PGA Championship winner Collin Morikawa fancies himself a quick study when it comes to solving golf courses, and he's not treating his debut at formidable Augusta National any differently.
The 23-year-old American captured his first major title in August at Harding Park in his PGA debut and likes his odds of walking away from the 84th Masters with a green jacket as the first debut winner since 1979.
"I'm not afraid of any course out here and I think that's kind of the mind set," Morikawa said Monday. "I can go out and dissect a course and figure out what's my best opportunity to shoot a good score.
"I do a really good job Monday through Wednesday, so I showed up today, got my 18 holes in, and I'm trying to figure out what I need to work on and get prepped for."
Not since Fuzzy Zoeller did it 41 years ago has a player won his first Masters start. Knowledge has often meant power at Augusta National, with experience paying off in knowing where to hit the ball and how putts will break.
"Even though I haven't played the Masters before. I'm comfortable coming out here," Morikawa said.
"Experience never hurts. I wish I had played here 15, 20 times. Wish I had that knowledge, but I don't. For now I have to feel like I can still compete with these guys. It's not like I'm behind the 8-ball already, have a disadvantage. On Thursday, we all start at even par."
World number four Morikawa likes the way he is playing and feels he accomplished a lot in his first day of practice under the Georgia pines.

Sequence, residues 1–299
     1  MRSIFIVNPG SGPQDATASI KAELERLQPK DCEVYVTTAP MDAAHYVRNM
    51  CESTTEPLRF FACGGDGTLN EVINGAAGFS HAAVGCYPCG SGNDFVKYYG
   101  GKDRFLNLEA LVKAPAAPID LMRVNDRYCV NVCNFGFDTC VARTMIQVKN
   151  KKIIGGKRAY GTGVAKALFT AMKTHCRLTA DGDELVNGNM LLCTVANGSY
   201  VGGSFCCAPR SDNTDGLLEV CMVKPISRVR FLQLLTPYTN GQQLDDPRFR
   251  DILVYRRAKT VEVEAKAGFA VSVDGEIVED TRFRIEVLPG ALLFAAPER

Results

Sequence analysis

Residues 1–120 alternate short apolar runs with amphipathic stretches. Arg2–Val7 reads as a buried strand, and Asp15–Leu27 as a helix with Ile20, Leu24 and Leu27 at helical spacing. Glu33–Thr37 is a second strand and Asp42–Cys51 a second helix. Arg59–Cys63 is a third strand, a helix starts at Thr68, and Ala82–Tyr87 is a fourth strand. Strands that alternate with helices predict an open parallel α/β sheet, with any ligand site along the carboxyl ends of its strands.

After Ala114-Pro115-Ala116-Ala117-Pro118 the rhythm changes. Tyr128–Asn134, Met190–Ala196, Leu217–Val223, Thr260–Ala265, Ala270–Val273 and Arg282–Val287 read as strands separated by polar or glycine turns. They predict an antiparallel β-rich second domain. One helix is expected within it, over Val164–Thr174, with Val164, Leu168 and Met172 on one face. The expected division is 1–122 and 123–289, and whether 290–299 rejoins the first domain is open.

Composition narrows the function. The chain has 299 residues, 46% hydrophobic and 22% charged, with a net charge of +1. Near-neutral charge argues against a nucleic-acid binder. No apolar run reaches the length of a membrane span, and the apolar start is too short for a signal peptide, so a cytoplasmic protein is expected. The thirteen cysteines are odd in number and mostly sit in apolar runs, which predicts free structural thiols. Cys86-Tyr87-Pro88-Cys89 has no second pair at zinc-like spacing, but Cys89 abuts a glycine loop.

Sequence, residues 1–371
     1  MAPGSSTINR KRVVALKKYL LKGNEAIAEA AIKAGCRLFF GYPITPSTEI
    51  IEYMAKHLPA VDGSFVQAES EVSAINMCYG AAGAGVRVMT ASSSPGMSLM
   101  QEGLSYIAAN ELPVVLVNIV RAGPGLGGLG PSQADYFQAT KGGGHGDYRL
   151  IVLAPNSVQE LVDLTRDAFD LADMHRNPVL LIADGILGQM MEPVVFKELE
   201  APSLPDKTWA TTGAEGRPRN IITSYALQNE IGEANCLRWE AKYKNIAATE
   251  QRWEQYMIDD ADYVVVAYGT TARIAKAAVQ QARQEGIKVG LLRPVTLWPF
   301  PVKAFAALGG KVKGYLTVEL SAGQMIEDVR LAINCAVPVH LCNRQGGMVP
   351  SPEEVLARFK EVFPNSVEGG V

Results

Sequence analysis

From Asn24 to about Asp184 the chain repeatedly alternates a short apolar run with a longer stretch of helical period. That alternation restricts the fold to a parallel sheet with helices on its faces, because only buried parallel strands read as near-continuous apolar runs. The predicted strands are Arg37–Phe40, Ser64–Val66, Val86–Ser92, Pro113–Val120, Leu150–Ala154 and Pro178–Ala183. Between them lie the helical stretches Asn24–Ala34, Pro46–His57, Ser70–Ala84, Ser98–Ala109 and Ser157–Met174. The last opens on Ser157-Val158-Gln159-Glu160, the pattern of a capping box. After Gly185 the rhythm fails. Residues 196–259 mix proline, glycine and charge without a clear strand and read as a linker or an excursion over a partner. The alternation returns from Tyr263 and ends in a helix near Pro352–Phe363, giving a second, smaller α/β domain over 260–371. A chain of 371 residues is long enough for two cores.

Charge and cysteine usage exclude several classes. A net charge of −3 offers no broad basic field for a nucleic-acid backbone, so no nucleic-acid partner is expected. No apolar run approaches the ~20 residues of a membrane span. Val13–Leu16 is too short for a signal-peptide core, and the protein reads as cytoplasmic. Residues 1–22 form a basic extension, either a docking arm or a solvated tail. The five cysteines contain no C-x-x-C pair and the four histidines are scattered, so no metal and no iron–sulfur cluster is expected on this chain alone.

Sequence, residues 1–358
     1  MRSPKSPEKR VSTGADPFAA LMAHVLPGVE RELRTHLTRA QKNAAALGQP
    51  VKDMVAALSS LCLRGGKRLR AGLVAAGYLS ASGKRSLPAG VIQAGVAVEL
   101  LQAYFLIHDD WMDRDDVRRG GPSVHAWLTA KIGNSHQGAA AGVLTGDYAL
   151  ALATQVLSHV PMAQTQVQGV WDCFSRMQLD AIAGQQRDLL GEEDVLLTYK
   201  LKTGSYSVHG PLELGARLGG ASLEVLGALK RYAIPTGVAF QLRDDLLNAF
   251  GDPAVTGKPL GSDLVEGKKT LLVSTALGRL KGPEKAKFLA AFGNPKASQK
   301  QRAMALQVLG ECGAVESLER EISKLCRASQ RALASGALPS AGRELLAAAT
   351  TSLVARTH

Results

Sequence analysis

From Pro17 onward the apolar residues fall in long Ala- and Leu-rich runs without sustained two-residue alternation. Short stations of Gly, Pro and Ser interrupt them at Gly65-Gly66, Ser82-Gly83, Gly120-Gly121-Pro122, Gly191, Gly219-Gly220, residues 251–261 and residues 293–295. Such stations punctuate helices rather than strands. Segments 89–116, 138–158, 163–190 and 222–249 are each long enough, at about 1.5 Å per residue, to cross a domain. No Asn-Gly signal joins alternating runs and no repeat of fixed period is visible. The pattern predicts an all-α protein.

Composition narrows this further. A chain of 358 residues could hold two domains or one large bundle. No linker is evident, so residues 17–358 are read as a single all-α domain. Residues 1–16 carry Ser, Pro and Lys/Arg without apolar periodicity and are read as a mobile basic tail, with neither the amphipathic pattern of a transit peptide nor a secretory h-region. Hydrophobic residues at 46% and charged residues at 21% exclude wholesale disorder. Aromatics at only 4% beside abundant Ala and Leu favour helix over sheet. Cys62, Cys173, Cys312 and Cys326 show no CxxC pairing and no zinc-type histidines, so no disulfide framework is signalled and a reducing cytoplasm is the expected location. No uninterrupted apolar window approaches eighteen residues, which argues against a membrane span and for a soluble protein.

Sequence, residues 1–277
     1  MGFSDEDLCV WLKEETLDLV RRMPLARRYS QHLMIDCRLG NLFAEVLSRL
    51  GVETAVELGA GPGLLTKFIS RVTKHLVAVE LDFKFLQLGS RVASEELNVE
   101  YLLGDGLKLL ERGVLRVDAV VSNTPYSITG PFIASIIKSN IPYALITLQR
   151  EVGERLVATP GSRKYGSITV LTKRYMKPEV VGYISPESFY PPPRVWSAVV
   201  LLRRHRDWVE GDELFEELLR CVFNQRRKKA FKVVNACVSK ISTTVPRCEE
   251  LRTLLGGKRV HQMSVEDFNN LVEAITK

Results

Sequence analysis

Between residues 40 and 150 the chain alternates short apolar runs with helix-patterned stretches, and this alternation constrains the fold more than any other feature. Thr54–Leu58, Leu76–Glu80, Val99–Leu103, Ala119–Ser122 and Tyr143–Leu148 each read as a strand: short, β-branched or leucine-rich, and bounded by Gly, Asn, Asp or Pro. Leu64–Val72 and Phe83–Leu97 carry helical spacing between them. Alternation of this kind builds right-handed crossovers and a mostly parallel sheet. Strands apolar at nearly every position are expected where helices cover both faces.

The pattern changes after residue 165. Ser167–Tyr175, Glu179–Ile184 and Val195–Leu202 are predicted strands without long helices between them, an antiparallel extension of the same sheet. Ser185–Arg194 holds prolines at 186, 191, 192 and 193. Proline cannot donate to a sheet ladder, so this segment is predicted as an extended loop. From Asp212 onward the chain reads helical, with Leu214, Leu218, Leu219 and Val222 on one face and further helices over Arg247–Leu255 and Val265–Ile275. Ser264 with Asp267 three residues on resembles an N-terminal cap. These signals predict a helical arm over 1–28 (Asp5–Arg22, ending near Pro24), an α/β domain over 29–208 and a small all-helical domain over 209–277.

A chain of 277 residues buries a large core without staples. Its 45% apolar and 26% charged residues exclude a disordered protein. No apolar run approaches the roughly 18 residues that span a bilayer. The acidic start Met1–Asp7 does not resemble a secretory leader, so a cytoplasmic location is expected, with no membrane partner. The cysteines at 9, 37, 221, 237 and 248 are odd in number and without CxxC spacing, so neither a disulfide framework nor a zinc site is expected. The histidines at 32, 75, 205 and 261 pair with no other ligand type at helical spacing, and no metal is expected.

"It's a place you've kind of watched growing up, and to finally play 18 holes here as an actual golfer in the Masters is something special," he said. "But I'm here to play golf and I've got to figure out how I'm going to play my best."
He filled in a lot of slopes and lines in his yardage book Monday.
"So what lines do we need to figure out? I think we have that down in one day. we figured that out today," Morikawa said. "It's just getting comfortable with what approach shots, what shots you might have to hit into the greens, what quadrants you might have to hit.
"The greens are tricky. There's a lot of slope to them. Just figuring them out, getting comfortable on these greens, is going to be a huge part for me feeling ready by Thursday."
If predicted rain and storms saturate the course all week, he'll have more work to do.
"With wind, with rain, with where the tees might be, it's just about adjusting and figure out what the line might be," he said. "That's golf. You just have to adjust.
"You want to show up to these majors not really working on anything, just being ready to play golf. I've put myself there. The game feels great."
He won't be awed playing against such rivals as defending champion Tiger Woods and three-time Masters winner Phil Mickelson.
"To get to play lots of rounds with all these guys I've watched growing up, it allows me to go out there and play like I normally would," he said. "I've seen them every single week. It just makes it easier for me to come out here like it's any other event."